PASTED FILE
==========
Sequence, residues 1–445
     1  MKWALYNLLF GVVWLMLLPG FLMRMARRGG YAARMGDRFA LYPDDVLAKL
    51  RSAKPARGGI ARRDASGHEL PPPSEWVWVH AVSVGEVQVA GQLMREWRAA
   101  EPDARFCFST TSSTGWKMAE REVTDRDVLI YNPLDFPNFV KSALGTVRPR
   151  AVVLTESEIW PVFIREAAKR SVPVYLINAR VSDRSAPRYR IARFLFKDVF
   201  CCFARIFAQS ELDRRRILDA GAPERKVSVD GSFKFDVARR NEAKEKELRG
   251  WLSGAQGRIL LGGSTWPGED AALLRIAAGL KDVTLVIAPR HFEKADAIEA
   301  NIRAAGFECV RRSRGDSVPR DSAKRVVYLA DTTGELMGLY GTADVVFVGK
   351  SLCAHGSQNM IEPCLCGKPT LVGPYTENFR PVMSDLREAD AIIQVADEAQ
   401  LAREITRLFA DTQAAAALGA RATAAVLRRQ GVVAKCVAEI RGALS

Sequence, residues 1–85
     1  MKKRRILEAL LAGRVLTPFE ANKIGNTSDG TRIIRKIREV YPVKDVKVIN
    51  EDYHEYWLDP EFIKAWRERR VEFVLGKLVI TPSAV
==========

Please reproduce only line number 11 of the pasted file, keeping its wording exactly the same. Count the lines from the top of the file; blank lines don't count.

Sequence, residues 1–85